LADEE MOON Launch Will be Seen as Far Away as Maine!

LADEE Launch Viewing Map - First Sight

This map shows when the Minotaur Rocket will be in view. – Click to enlarge.

Update 9/6/13 – LADEE Moon launch successful. See Video and read about it.

Friday September 6th 2013 millions of people in the Northeastern U.S. will get the chance to see a rocket launch to the Moon! A Minotaur V rocket will propel the Lunar Atmosphere and Dust Environment Explorer (LADEE) on its trip to the Moon. The Goddard Wallops Island facility recently started launching larger rockets at a new launch pad capable of supporting these missions. This is good news for those in the northeast as they will regularly be able to see launches like LADEE and also re-supply missions to the International Space Station. The window for the launch is September 6, 2013 11:27 – 11:31 PM EDT.

LADEE Moon Launch From Virginia Friday Sept 6th!

LADEE iewing angle above the Horizon

LADEE viewing angle above the Horizon – Click to enlarge.

The Minotaur V is a five-stage space launch vehicle based on the flight-proven Minotaur IV vehicle and adds a solid motor fifth stage to propel LADEE into its lunar transfer orbit. It leverages the experience of the Air Force’s Peacekeeper program, along with the extensive flight heritage of Orbital’s Minotaur I, Minotaur IV, Pegasus and Taurus space launch vehicles to produce a highly reliable launcher for U.S. government space programs.

Watch Launch on NASA TV

Minotaur V Rocket

Minotaur V Rocket

The standard space launch configuration of Minotaur V is made up of three decommissioned Peacekeeper solid fuel rocket motors that Orbital has upgraded and integrated with modern avionics and other subsystems, and solid fuel commercially-supplied STAR 48BV fourth and STAR 37FM fifth stages. The Minotaur V rocket is capable of launching payloads up to 342 kg (754 lbs) to trans-lunar injection orbit.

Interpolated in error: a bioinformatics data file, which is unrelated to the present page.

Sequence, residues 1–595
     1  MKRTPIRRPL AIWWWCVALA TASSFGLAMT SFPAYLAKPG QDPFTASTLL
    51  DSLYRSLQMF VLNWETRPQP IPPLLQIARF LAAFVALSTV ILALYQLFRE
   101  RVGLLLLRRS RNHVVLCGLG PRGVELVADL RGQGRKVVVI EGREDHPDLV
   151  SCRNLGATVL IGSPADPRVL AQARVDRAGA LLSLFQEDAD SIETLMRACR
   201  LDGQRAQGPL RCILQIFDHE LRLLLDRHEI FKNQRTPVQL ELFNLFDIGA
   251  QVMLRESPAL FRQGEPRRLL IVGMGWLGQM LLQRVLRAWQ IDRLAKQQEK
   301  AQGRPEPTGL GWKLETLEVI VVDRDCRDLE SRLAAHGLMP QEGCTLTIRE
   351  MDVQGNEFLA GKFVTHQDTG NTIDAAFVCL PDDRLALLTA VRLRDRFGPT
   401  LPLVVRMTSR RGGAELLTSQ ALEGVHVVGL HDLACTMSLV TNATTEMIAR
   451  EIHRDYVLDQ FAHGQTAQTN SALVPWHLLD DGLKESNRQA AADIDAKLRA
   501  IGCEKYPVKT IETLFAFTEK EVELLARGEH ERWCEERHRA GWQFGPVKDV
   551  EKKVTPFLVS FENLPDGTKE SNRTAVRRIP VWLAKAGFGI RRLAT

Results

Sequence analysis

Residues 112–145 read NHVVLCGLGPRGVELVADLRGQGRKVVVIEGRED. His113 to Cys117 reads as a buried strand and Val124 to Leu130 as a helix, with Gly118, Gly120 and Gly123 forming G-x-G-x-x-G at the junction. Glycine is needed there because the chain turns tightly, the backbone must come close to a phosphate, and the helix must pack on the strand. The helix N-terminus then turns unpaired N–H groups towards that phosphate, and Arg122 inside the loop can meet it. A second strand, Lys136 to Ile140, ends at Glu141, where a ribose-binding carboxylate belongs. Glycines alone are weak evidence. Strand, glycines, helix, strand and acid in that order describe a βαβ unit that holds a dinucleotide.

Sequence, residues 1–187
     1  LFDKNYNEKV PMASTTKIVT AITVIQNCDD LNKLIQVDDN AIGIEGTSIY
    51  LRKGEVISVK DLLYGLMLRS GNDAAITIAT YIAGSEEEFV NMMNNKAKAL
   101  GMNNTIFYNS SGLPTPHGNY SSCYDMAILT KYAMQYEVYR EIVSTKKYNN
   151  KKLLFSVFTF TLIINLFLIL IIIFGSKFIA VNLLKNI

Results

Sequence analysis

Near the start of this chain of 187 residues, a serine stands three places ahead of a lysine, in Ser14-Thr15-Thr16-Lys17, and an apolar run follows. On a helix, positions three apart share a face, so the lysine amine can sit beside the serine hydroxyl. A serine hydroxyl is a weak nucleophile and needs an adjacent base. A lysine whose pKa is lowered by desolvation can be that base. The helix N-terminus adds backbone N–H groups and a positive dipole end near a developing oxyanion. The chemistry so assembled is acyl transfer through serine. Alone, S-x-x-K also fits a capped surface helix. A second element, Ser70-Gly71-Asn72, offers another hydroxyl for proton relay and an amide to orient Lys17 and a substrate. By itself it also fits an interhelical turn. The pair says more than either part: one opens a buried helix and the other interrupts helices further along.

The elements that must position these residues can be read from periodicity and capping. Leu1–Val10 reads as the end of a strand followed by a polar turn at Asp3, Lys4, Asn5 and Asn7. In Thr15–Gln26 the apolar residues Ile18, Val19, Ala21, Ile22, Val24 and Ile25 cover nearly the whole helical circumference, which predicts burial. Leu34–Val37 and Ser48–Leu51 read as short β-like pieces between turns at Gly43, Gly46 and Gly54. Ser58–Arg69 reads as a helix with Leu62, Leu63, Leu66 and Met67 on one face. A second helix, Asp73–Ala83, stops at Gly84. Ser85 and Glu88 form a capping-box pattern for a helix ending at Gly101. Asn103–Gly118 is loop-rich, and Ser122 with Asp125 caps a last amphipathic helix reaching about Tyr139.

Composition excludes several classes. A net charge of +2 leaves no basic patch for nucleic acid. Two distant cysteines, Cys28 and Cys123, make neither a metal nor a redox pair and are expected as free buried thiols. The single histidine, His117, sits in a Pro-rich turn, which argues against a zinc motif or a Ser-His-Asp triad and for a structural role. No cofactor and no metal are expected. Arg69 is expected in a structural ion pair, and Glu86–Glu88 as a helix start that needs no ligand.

Last April an Antares Rocket was launched from Wallops which was also visible to much of the northeast.

This will be an excellent viewing opportunity as the rocket will be fairly high in the sky and easily seen. If the clouds permit make sure you go out and watch this launch to the MOON! You should be able to see it with the naked eye but once you have it binoculars will help as well. ENJOY!

About the author

Recipient of many prestigious NASA Awards including the Exceptional Public Service Medal and the Robert H. Goddard award. Experience includes working for NASA, as a contractor, in satellite design, construction and operations. Expert in the satellite operations concepts and ground systems including command, control, and science data processing.